Creating Technology for Social Change

Reflections on fostering civic pride in Juarez

Crónicas de Héroes, the Juárez Mexico deployment of Hero Reports, rolled out late last year with incredible success at the local level. Since November more than 700 accounts of generosity, kindness, and empathy have been reported by the Juarenes. Today cronicas are being read over the airwaves by local radio stations and printed in local newspapers. Media from Juárez’s sister city of El Paso and Mexico City have covered the campaign. And the site has attracted visitors from Japan, Brazil, Argentina, France, Venezuela, Thailand, Portugal, Jamaica, and Ecuador. Recently, Alyssa Wright, founder of Hero Reports, and Yesica Guerra, Manager of Crónicas de Héroes Juárez, were invited to speak about the project at TED.

The success of the campaign has been measured by the fact that with these contributions, residents have reclaimed and reauthored the narrative coming out of Juárez. While the news media will continue to print stories about violence, chaos and fear, Cronicas has shown that those incidences are not the whole story. Juárez remains a place where businesses thrive, families raise new generations, and where neighbors take care of one another.

Hoping to bottle some of the success of Juárez, we’ve spent time trying to tease out what worked and to understand how those strategies could be refined and redeployed in Monterrey and Tijuana.

Passion and Personal Connections – Much of the success of Crónicas de Héroes Juárez is attributable to Yesica and her counterparts on the ground in Juárez, local representatives Brenda Guerra and Marco Betancourt. Their shared enthusiasm and dedication to the project coupled with their intimate knowledge of the community and savvy outreach approach undoubtedly opened doors. Early on Yesica realized that her efforts to push an MIT research project via email and phone calls would only get her so far. Using a tag team approach, Yesica would have Brenda and Marco follow-up with her contacts in person to further pitch the campaign, arrange interviews, and deliver postcards in order to maintain momentum, solidify relationships, and reinforce the grassroots legitimacy of the campaign. Yesica and her team also scheduled pre-launch workshops in a variety of businesses, schools, and civic institutions. With Brenda and Marco’s help, Yesica had the manpower she needed to outreach to big tent of users – from school children and college students to nurses and doctors to elderly members of the community. Every workshop attendant filled out a postcard with a report of a kind and generous act, which was then uploaded on the site.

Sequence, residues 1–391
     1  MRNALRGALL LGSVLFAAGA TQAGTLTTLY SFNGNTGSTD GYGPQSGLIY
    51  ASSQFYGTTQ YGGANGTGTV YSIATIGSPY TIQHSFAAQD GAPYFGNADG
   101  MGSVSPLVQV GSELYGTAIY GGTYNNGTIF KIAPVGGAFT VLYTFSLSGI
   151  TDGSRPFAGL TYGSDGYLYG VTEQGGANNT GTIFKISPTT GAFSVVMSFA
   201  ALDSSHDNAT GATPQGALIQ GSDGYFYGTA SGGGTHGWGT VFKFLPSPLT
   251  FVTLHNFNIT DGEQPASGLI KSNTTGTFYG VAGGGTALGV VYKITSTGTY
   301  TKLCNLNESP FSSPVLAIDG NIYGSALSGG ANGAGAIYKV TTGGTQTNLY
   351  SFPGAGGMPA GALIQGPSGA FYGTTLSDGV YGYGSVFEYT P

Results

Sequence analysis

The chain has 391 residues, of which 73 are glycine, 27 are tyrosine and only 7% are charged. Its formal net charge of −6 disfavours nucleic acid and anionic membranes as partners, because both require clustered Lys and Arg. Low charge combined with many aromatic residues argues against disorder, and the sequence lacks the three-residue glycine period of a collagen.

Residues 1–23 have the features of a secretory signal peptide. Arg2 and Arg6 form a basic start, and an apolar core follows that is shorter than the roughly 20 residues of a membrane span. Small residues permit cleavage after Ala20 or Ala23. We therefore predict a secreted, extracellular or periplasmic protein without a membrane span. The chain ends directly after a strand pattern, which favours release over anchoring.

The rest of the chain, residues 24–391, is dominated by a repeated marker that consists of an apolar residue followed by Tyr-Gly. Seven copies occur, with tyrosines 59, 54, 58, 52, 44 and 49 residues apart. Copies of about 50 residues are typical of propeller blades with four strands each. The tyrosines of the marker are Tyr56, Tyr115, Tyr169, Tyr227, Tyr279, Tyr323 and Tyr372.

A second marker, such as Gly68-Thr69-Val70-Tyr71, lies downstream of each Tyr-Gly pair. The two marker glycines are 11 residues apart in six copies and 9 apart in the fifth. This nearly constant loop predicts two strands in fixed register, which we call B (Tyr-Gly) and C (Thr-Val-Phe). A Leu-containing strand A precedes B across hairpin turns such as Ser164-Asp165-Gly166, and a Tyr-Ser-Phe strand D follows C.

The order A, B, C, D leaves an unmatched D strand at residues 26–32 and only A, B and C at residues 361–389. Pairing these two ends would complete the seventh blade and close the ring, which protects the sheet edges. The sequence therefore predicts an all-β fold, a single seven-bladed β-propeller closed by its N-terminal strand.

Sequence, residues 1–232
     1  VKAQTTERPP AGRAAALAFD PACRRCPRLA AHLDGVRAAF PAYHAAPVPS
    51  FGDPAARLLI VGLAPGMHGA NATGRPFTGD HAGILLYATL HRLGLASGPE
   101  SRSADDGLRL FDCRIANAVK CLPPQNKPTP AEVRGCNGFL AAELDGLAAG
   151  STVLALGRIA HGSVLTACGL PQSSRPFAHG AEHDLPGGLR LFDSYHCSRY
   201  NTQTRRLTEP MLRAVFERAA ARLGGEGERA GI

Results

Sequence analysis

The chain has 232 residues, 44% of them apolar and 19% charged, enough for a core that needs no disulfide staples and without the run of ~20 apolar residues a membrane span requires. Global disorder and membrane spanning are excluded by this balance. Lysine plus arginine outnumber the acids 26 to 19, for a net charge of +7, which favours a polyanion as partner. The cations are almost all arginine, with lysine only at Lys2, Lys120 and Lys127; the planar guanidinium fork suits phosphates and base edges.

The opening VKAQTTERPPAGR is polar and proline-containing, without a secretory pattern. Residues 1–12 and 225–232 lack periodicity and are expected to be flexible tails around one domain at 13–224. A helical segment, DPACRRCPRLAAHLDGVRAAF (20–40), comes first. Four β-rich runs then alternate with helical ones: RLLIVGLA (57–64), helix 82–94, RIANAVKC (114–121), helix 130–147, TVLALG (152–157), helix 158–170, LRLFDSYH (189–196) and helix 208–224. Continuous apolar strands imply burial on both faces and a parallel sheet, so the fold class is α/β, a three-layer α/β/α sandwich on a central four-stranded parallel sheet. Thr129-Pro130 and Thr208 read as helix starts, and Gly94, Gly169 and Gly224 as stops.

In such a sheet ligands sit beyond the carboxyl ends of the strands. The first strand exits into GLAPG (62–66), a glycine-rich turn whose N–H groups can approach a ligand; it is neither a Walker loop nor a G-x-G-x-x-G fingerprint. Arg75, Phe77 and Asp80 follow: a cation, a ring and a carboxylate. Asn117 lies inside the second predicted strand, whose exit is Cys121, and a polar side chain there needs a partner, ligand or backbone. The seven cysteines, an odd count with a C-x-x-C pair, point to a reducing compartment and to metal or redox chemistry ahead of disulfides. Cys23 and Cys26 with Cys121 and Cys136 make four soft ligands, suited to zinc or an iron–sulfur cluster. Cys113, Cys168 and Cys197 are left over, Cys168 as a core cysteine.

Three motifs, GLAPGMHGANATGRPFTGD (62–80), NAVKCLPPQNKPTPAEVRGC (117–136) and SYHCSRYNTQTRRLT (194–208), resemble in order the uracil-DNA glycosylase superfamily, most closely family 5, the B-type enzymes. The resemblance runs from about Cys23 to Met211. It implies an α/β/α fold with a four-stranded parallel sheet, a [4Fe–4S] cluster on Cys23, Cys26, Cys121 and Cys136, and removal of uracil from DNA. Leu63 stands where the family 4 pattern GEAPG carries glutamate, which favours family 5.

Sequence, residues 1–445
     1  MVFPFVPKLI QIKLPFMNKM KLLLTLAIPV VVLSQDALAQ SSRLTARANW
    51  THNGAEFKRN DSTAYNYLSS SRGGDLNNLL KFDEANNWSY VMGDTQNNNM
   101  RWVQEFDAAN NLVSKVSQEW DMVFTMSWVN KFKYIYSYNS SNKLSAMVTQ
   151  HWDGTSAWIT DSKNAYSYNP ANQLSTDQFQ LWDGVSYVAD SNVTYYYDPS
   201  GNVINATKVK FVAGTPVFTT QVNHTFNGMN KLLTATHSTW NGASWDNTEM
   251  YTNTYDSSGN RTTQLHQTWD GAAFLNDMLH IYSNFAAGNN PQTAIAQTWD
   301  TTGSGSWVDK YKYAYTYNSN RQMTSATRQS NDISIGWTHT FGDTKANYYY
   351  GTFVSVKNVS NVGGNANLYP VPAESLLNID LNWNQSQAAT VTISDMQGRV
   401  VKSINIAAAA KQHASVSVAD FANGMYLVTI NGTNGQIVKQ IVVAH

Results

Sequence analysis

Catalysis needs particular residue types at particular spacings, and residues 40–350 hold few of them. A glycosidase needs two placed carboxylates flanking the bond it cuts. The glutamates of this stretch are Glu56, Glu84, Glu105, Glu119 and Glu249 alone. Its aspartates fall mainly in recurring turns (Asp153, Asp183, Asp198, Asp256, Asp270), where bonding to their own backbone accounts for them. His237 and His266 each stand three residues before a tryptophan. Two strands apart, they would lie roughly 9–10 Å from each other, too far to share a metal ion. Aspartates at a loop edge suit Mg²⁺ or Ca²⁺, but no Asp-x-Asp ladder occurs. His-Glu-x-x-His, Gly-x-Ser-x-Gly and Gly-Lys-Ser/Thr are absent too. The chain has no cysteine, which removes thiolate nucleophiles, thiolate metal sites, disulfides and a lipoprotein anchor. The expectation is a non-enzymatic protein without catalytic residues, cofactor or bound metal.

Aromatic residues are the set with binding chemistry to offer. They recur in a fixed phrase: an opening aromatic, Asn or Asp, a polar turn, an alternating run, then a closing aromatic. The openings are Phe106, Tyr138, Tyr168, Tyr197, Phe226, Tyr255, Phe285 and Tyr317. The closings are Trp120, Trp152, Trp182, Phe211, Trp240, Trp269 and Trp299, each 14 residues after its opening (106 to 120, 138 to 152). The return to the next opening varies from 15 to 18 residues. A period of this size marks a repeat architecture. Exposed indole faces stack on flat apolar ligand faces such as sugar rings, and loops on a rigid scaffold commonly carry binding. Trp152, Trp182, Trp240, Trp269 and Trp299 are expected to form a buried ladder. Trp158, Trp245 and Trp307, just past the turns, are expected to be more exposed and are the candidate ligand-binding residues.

Hyper-local branding – Before Crónicas de Héroes officially launched, we covered the City of Juárez in billboards, posters, and postcards with images reminiscent of iconic pop-culture figures El Santo and Tin Tan. El Santo, the masked wrestler, is a legend and a symbol of justice for the common man with heroic abilities to fight and defend the vulnerable. With a career than spanned nearly five decades, El Santo resonates with multiple generations. Yesica’s poster design includes a masked wrestler from the golden age of wrestling, when fighters were folk heroes, inspired by the image of El Santo. Tin Tan was actor, singer and comedian that began his career in Juárez; the local hero starred in more than 50 movies during his 30-year career. Images of these compelling cultural superheroes asking for stories about positive and kind neighborly acts spoke to the emotions and imagination of a wide array of Juarenes who responded with reports about every day instances of heroism.

Anonymity – Like any good superhero, the campaign was intentionally cloaked in mystery. Crónicas de Héroes Juárez tried to minimize and downplay its true identity as a research project from MIT. Because the focus of the project centered on the general Juarenes community and did not align or closely associate itself with anyone particular group, the campaign could belong to the entire City. The Center felt strongly that this strategy was necessary for the long-term sustainability and viability of the campaign.

Going forward our community outreach efforts are dedicated to sustaining a culture of reporting through community activities that keep the spirit of Crónicas de Héroes alive, foster pride and enthusiasm, and transcend cynicism. Recently the Juarez team was approached by UNION a local group of street artists interested in painting murals to promote and celebrate Crónicas. They wrote, “To paint these murals inspired on Cronicas proves that there are good things happening in this city, guns and death is not the only things that occur in Juarez.” Using donated materials including some paint and brushes, UNION and more than 20 citizens came together for a mural painting in Park Borunda last weekend. At this event, Brenda along with five volunteers collected more than 75 Cronicas from participants and passersby. Two more murals are planned and this summer Yesica, Marco and Brenda will be promoting the site through a public art competition and at festivals and celebrations. We hope that these activities will cultivate a loyalty and commitment to Cronicas that will inspire new reports and keep the site vibrant and relevant.